3am Friday morning, I receive a page from the emergency room.
“I got a consult for you for a 19-year-old boy who just got shot in the foot, how quickly can you see him?”
“I will be there in 20 minutes”, I replied.
The patient had just gotten a late night snack with his friends at a nearby fast food restaurant. Little did he know that a simple drive could alter his way of his life forever. There was an accidental open fire on the vehicle that completely missed his upper body but went through his right foot while he was pushing on the gas pedal.
I arrived to the emergency department half asleep and half with high anxiety trying to imagine what the circumstances were. Was the patient in severe pain? Was he stable? Did he get shot in another place? Is there still a bullet in the foot?
I arrived to the emergency department half asleep and half with high anxiety trying to imagine what the circumstances were.
As soon as I arrived, I followed my algorithm for trauma. The patient was in slight pain, but he was breathing normally. The right foot had a wound indicating the bullet had entered from the top and exited from the bottom in an oblique angle. It was a clean hole that you could probe top to bottom. I quickly cleansed the area with normal saline using 9 liters. Thankfully, there was no severe contamination nor bleeding. I was able to calm the patient and prepare him for an early morning surgery to clean out the bones and soft tissue of his feet. His x-rays showed a shattered midfoot bone.
It was 5am as I prepared to bandage him and place a splint on the current patient. Suddenly, I hear another trauma code enter the emergency department. The patient was screaming in pain. I see a whole team rush to treat the patient with a lot of orders being yelled to help the patient.
It was 5am as I prepared to bandage him and place a splint on the current patient. Suddenly, I hear another trauma code enter the emergency department.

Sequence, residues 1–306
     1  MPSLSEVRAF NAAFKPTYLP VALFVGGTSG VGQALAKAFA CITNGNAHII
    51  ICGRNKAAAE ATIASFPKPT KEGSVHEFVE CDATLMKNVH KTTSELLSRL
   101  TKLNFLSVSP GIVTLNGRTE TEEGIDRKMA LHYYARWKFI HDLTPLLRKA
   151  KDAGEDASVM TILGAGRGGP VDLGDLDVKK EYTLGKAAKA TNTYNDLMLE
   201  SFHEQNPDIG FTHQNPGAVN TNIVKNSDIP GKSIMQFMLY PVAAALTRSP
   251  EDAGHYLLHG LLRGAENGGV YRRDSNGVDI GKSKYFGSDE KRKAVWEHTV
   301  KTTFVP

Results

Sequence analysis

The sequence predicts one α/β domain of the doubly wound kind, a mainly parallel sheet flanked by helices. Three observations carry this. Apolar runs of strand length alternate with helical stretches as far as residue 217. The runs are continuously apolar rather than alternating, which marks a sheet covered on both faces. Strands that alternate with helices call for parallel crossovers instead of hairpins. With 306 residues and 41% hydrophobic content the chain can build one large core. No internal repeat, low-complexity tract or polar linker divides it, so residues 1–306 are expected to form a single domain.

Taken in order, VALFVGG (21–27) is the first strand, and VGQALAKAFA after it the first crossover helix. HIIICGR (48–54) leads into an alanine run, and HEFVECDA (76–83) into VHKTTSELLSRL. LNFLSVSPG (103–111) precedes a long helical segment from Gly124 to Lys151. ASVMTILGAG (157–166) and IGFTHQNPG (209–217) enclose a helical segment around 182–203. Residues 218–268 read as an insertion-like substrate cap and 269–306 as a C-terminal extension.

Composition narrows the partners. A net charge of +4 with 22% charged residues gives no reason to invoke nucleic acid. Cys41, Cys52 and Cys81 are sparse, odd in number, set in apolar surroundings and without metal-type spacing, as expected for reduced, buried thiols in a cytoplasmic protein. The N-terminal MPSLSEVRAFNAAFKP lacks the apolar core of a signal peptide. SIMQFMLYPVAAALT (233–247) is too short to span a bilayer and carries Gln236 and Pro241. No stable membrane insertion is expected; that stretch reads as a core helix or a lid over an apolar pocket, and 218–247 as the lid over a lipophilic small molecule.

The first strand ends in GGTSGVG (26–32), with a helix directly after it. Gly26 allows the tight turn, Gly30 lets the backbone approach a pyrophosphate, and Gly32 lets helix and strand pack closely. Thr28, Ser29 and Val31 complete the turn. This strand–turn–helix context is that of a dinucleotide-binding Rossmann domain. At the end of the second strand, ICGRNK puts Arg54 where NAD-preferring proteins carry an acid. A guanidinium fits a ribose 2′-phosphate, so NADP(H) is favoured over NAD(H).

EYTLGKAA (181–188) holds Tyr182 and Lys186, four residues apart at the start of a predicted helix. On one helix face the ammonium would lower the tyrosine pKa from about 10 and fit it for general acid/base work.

The ER doctor rushes to me and says, “Hey I got another patient here for you, it’s a crazy morning for podiatry today.”
“How bad is this next patient?“, I asked.
The doctor went on to explain, “I have an elderly homeless man who was sleeping on the side of the sidewalk. Both his feet were on the side of the curb where all of a sudden an 18 wheeler ran over both his feet. The truck jumped the curb since he had to do a wide turn. I guessed he didn’t see him; the trucker didn’t stop and he took off.”
I rushed to the new patient and my jaw dropped.
Both his feet had been severely crushed. There were a few bones sticking out from the bottom of his foot. There was a lot of blood loss coming from both feet. The patient’s feet were starting to swell rapidly out of proportion. My highest suspicion at the time was compartment syndrome.
I had to act fast, I checked each compartment of the foot for both feet. To my surprise, each compartment was elevated all the way to the calcaneus. This patient was going to need emergency surgery if he was going to have any chance to save both his limbs. I managed to stabilize this patient and prepped him for surgery.
Residency is definitely one of the most difficult and rewarding experiences in a young doctor’s career. You might be relaxed at home or sleeping one moment, and then preparing for two emergency surgeries the next. Your training will prepare you to handle any emergency so you can work fast to save a patient’s limb.
Residency is definitely one of the most difficult and rewarding experiences in a young doctor’s career.
Story by Dr. R.D.
All our authors names have been kept anonymous for this special edition. We hope you enjoy these great stories by podiatry residents.
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